Written by Karl Gustafsson.
On 14 August, Japanese Prime Minister Shinzo Abe delivered his long anticipated statement on the 70th anniversary of the end of the war. For months, scholars and pundits have speculated about whether Abe would use words such as “apology”, aggression and regret. Would the statement reflect the revisionist views that he has repeatedly expressed or would he adopt the kind of pragmatic approach that characterized his behaviour during his first period as prime minister in 2006-2007? While numerous points can be made about Abe’s statement, I will briefly touch on the content of the statement and how it has been received and then limit myself to making a few points of importance for Sino-Japanese relations.
So, what did Abe say and how are we to make sense of it? Drawing on the Report of the Advisory Panel of the 20th Century and on Japan’s Role and the World Order in the 21st Century, released on 6 August, Abe described the events in the late 1800s and the first decades of the 1900s that led to the war, admitting that: “Japan gradually transformed itself into a challenger to the new international order” and “took the wrong course and advanced along the road to war”.
The following excerpt shows how the victimization of people in Japan’s neighbouring countries is dealt with: “Also in countries that fought against Japan, countless lives were lost among young people with promising futures. In China, Southeast Asia, the Pacific islands and elsewhere that became the battlefields, numerous innocent citizens suffered and fell victim to battles as well as hardships such as severe deprivation of food. We must never forget that there were women behind the battlefields whose honour and dignity were severely injured. Upon the innocent people did our country inflict immeasurable damage and suffering”. Whereas agency is obfuscated in the first three sentences here through the use of passive forms – “lives were lost”, “innocent citizens suffered”, women’s “honour and dignity were severely injured” – the final sentence in the quote more clearly states that “our country” inflicted such “damage and suffering”.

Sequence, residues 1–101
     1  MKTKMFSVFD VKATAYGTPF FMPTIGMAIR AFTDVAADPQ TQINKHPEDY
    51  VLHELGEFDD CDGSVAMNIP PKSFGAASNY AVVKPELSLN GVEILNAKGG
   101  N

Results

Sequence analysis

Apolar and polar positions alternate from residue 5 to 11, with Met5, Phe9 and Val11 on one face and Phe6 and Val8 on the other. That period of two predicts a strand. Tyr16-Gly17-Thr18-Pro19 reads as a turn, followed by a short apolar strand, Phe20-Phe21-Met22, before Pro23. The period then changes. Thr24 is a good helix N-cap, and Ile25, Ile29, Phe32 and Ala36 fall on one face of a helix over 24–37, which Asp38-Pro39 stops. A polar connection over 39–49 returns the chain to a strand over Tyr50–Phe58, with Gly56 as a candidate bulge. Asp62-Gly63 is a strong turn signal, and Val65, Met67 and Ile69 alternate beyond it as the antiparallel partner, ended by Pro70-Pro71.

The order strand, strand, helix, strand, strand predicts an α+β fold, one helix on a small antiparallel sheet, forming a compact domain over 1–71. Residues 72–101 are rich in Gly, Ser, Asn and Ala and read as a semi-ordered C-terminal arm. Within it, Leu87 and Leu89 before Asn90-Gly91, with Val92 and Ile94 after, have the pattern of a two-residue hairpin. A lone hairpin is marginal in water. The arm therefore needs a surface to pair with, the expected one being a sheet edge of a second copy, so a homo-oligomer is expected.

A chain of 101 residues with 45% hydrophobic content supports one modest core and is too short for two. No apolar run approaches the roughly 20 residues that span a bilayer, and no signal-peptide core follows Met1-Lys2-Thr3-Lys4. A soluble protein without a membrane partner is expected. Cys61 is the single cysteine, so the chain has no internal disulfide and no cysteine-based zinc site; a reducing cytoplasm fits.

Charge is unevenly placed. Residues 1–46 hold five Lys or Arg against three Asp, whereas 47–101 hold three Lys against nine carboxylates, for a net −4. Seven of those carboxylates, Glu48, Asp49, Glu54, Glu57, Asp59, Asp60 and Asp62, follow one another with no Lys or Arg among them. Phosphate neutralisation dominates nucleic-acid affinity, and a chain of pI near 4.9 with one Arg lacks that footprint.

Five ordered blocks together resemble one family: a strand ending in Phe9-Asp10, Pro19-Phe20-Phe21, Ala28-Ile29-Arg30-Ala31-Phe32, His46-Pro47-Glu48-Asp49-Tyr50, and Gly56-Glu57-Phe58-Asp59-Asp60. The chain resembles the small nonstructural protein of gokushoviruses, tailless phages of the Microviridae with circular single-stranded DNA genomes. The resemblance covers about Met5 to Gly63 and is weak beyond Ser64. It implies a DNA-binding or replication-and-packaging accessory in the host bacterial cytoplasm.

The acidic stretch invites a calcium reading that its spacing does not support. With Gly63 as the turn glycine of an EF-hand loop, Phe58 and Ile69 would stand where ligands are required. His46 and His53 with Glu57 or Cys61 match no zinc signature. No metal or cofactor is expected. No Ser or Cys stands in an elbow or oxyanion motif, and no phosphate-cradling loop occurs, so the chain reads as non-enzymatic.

If agency is generally ambiguous in most descriptions of Japan’s acts during the war, it is considerably clearer in how Abe depicts Japan’s post-war achievements: “we have created a free and democratic country, abided by the rule of law, and consistently upheld that pledge never to wage a war again. While taking silent pride in the path we have walked as a peace-loving nation for as long as seventy years, we remain determined never to deviate from this steadfast course. Japan has repeatedly expressed the feelings of deep remorse and heartfelt apology for its actions during the war”. The final sentence in this excerpt is one of the key phrases in the statement and one of its main bones of contention. Even though Abe stated that this “position articulated by the previous cabinets will remain unshakable into the future”, unlike those previous cabinets he did not express “feelings of deep remorse and heartfelt apology” himself but merely pointed out that Japan has repeatedly made such expressions, suggesting that through those previous statements Japan has already apologised enough.